Being fairly slim already, announcing my change to veganism shocked and worried my parents. My 1st obstacle, which still remains my biggest, is mother’s outrage and concern. Despite my talks (that vegan is a healthy, sustainable way to live), she was strongly opposed to it. She believes I’ve been brainwashed by the things I’ve read, and is stuck in my one-sided way of thinking. I could not convince her to listen because, to her, I’ve taken on a mentality which she could not talk any sense into. What frustrates me most is that, she refuse to listen, despite deep-down, she knows there is truth behind my words.

There are many people who, like me, knew some aspects of the horrors in raising animals to provide for us. The problem is that they turn a blind eye so they can carry on living the life they’re used to living.

To me, learning is life-long. I’m always listening, reading, researching various topics and issues. Keeping an open mind doesn’t entail believing everything I’m told. On the contrary, we should be gathering information to be able to form opinions and making decisions.

It pained me to have the dispute with mum. I could no longer look up to her as a role model. I needed someone who is open-minded and cared enough to want to contribute and make a difference to society. She cared for me, and it clouded her judgement. She did not want me to become malnourished. “Why be a minority? Eat like the majority of us. What difference can you make by not eating meat?” was her view. It was painful to hear. Just because I cannot change the world, does that mean I should do nothing at all? Just because everyone else does something, does it make it right?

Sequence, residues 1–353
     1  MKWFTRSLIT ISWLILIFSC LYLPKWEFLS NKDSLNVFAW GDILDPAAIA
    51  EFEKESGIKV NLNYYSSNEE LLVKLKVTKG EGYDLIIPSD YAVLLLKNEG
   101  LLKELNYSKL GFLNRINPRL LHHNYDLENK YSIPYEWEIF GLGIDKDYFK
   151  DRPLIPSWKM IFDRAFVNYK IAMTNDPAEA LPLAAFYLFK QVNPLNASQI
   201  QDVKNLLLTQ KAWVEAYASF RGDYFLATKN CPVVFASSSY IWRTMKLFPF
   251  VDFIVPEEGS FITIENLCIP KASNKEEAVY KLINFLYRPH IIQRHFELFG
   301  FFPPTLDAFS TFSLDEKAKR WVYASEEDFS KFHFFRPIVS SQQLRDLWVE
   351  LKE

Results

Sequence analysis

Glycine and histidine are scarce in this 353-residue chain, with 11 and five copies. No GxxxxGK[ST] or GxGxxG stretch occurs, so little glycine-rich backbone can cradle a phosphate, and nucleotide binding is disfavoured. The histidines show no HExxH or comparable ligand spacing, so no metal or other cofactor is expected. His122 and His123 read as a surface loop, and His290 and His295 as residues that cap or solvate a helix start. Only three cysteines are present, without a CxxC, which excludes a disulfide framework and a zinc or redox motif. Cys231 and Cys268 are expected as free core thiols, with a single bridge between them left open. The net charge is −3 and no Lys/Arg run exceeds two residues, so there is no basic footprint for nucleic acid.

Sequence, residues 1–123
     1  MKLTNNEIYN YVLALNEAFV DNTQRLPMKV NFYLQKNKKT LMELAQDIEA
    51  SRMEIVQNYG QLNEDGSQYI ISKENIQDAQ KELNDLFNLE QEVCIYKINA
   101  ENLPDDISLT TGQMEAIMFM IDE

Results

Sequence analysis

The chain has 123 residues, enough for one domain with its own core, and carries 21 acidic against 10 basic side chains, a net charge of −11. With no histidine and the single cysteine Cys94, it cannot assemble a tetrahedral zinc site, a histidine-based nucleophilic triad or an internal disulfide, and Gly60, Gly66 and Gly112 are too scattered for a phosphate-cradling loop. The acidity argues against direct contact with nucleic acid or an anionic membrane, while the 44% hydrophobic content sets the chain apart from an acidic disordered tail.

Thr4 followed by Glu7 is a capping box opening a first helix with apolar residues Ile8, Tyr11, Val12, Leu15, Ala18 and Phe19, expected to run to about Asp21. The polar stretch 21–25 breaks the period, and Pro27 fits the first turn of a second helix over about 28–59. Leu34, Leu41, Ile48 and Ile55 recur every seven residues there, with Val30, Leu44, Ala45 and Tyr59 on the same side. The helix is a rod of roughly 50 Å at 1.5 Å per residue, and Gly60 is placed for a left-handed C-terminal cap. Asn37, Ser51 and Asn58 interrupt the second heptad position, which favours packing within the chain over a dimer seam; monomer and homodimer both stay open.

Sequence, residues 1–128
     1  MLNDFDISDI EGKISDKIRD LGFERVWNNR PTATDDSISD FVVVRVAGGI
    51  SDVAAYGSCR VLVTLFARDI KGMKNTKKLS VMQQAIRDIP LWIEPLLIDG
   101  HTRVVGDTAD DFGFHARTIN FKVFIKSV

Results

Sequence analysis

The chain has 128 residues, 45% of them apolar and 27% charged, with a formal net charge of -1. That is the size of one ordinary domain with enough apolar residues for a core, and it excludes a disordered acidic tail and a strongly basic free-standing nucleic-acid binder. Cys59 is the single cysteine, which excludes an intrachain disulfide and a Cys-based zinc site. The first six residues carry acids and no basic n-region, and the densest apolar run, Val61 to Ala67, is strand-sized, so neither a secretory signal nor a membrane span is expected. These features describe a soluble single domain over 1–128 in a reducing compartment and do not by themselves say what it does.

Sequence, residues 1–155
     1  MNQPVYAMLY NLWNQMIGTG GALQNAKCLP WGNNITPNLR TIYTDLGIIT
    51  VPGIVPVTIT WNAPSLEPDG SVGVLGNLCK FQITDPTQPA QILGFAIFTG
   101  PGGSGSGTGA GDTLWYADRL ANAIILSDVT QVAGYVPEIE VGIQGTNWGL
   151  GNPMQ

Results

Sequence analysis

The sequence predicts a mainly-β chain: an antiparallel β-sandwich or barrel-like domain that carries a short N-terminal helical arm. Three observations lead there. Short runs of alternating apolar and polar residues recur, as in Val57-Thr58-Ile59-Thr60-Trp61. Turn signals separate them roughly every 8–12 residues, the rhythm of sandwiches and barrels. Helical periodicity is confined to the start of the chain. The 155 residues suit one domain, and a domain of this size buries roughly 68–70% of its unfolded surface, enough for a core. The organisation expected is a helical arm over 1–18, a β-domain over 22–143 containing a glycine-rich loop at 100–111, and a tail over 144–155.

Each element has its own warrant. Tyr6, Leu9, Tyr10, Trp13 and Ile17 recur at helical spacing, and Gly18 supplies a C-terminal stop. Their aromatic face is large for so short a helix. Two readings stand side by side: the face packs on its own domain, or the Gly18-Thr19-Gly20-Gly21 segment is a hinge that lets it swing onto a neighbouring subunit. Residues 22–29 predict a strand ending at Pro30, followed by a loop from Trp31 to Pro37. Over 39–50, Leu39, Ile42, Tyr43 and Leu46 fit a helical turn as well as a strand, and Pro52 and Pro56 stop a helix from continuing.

Dad was slightly more accepting, though he also worried about my health. He is more open-minded, and through introducing him to some podcasts, I hope in time he’ll understand and support my decision.

Mum’s extreme agitation and stress forced me to agree that I would resume eating “normally” – i.e. not vegan. This is an easy enough lie, since I don’t live with her any more. I do not wish to keep living a lie, but am hoping to change her with time.

Friends have been more accepting, though I have not had the chance to tell many of them yet. I’m confident in my decision, and know that the information I’ve learned is not biased. How could I have gone so long without knowing, all these years? It is not just the vegans and animal activists, but wide-spread knowledge of the torture, molesting, that goes on.